Edinburgh Old Town has preserved much of its medieval street plan and many Reformation-era buildings. The 'Royal Mile' is a name coined in the early 20th-century for the main artery of the Old Town which runs on a downwards slope from Edinburgh Castle to both Holyrood Palace and the ruined Holyrood Abbey. Narrow closes (alleyways), often no more than a few feet wide, lead steeply downhill to both north and south of the main spine which runs west to east.

Notable buildings in the Old Town include St. Giles' Cathedral, the General Assembly Hall of the Church of Scotland, the National Museum of Scotland, the Old College of the University of Edinburgh and the Scottish Parliament Building. The area has a number of underground vaults and hidden passages that are relics of previous phases of construction.

The street layout, typical of the old quarters of many northern European cities, is made especially picturesque in Edinburgh, where the castle perches on top of a rocky crag, the remnants of an extinct volcano, and the main street runs down the crest of a ridge from it. This 'crag and tail' landform was created during the last ice age when receding glaciers scoured across the land pushing soft soil aside but being split by harder crags of volcanic rock. The hilltop crag was the earliest part of the city to develop, becoming fortified and eventually developing into the current Edinburgh Castle. The rest of the city grew slowly down the tail of land from the Castle Rock. This was an easily defended spot with marshland on the south and a man-made loch, the Nor Loch, on the north. Access up the main road to the settlement was therefore restricted by means of various gates and the city walls, of which only fragmentary sections remain.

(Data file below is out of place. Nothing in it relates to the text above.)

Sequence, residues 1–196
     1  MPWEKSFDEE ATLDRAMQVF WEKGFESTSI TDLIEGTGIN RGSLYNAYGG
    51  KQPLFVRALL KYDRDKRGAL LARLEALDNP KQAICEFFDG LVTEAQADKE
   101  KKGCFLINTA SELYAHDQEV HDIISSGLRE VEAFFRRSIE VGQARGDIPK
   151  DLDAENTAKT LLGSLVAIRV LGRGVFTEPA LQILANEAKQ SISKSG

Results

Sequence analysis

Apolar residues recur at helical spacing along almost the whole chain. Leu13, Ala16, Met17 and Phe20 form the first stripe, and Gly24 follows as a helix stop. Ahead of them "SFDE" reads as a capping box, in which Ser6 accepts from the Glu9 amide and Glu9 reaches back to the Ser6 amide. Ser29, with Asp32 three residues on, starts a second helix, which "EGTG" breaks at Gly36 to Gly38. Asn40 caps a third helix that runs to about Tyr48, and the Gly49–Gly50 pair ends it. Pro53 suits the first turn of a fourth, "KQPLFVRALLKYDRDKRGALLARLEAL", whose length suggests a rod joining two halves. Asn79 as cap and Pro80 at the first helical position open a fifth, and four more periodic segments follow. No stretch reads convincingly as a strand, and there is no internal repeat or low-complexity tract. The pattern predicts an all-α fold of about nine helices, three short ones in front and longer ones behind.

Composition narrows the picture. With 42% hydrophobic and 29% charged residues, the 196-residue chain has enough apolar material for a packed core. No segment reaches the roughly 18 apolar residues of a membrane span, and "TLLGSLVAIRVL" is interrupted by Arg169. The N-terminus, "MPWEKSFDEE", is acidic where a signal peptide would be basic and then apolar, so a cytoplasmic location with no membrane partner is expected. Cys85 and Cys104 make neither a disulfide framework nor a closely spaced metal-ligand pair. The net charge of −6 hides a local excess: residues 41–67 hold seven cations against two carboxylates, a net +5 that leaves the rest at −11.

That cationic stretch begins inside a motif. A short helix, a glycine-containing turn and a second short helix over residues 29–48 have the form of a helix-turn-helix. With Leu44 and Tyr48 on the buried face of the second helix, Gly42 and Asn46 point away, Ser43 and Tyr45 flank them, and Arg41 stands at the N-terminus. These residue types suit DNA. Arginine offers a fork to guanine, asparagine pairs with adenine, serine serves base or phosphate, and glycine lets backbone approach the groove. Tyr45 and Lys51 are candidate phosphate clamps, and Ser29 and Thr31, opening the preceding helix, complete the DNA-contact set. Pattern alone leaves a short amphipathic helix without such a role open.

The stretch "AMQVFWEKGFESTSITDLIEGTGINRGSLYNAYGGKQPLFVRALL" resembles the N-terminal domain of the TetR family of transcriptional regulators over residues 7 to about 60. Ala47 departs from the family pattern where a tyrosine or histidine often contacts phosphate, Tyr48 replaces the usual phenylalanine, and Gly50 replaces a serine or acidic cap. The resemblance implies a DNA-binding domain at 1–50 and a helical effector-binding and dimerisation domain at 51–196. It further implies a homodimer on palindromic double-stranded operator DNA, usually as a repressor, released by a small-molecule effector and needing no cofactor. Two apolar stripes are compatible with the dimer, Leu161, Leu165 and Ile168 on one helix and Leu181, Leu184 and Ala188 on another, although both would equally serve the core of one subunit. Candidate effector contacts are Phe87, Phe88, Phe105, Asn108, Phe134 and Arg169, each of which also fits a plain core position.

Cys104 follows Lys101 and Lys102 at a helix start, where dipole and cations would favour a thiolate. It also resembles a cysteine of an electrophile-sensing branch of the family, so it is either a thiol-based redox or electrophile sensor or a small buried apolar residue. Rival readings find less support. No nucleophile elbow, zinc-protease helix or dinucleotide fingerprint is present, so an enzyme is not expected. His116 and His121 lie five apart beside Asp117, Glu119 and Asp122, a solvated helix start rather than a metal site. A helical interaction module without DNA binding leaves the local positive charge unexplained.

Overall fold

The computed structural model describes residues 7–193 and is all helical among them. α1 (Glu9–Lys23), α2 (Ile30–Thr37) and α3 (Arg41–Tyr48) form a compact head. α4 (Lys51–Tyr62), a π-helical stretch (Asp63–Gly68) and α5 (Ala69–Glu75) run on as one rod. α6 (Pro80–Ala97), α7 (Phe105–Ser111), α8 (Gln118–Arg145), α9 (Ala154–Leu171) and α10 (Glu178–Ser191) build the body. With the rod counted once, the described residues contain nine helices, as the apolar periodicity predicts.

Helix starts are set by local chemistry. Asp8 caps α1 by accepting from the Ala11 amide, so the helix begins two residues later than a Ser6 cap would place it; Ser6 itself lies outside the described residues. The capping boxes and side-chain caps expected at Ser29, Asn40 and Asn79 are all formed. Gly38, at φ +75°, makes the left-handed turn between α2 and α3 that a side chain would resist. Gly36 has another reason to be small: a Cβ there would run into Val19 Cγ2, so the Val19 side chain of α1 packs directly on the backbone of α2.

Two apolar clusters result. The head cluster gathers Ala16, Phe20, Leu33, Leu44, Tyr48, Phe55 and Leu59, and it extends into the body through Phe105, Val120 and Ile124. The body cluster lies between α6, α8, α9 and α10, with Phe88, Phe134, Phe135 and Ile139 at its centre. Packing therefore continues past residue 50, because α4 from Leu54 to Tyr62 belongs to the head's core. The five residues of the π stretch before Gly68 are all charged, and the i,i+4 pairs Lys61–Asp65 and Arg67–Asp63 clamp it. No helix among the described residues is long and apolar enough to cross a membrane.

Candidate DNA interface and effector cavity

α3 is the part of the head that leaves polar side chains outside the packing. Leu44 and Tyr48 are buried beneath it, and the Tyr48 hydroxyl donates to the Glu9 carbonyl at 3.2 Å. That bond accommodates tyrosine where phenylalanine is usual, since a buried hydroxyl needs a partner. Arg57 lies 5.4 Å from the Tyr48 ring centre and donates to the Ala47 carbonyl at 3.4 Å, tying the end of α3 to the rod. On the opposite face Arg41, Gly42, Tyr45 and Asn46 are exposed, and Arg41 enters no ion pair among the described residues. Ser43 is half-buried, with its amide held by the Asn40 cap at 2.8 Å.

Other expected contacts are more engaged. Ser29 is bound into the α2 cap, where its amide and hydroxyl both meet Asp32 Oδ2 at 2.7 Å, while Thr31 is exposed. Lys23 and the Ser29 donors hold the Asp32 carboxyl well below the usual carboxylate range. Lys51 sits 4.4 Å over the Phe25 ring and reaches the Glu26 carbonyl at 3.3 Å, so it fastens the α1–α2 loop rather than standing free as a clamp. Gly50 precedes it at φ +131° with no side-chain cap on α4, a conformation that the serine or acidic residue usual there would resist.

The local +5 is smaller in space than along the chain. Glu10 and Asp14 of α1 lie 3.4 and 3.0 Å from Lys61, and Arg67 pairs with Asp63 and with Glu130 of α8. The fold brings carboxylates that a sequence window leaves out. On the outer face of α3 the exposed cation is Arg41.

The original strong linear spine of the Royal Mile only had narrow closes and wynds leading off its sides. These began to be supplemented from the late 18th century with wide new north-south routes, beginning with the North Bridge/South Bridge route, and then George IV Bridge. These rectilinear forms were complemented from the mid 19th century with more serpentine forms, starting with Cockburn Street, laid out by Peddie and Kinnear in 1856, which specifically improved access between the Royal Mile and the newly rebuilt Waverley Station.

Edinburgh Old Town is part of UNESCO World Heritage Site of The Old and New Towns of Edinburgh, inscribed by in 1995.

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